The neurobiology of female sexual behavior has largely focused on mechanisms of hormone action on nerve cells and how these effects translate into the display of copulatory motor patterns. Of equal importance, though less studied, are some of the consequences of engaging in sexual behavior, including the rewarding properties of sexual interactions and how sexual experience alters copulatory efficiency. This review summarizes the effects of sexual experience on reward processes and copulation in female Syrian hamsters. Neural correlates of these sexual interactions include long-term cellular changes in dopamine transmission and postsynaptic signaling pathways related to neuronal plasticity (e.g., dendritic spine formation). Taken together, these studies suggest that sexual experience enhances the reinforcing properties of sexual behavior, which has the coincident outcome of increasing copulatory efficiency in a way that can increase reproductive success.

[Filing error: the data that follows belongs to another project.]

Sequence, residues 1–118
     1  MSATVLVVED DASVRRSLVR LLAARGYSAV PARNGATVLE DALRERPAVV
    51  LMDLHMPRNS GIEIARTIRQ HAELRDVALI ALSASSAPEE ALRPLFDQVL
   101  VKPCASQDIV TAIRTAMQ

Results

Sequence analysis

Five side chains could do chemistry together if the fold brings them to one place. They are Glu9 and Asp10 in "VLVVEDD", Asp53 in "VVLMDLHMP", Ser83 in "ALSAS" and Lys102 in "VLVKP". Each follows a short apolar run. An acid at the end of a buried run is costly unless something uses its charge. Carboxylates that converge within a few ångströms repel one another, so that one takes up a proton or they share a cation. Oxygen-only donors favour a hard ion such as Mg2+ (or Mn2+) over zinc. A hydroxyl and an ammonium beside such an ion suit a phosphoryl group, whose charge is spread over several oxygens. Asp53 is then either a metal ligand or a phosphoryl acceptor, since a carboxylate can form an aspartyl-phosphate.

Bibliographical noteFunding Information:
We would like to thank a number of people who have contributed importantly to this research including Dr. Katherine Bradley, Alma Haas, Margaret Joppa, Dr. Jess Kohlert, Richard Rowe and Dr. Val Watts. Special thanks to Paul Mermelstein for his advice and sustained interest in our work. This review is based on a talk given at the 2006 Workshop on Steroid Hormones and Brain Function, Breckenridge, Co. We are grateful to The National Science Foundation (IBN-9412543 and IBN-9723876) and National Institutes of Health (DA13680) for their support of this research.
- Nucleus accumbens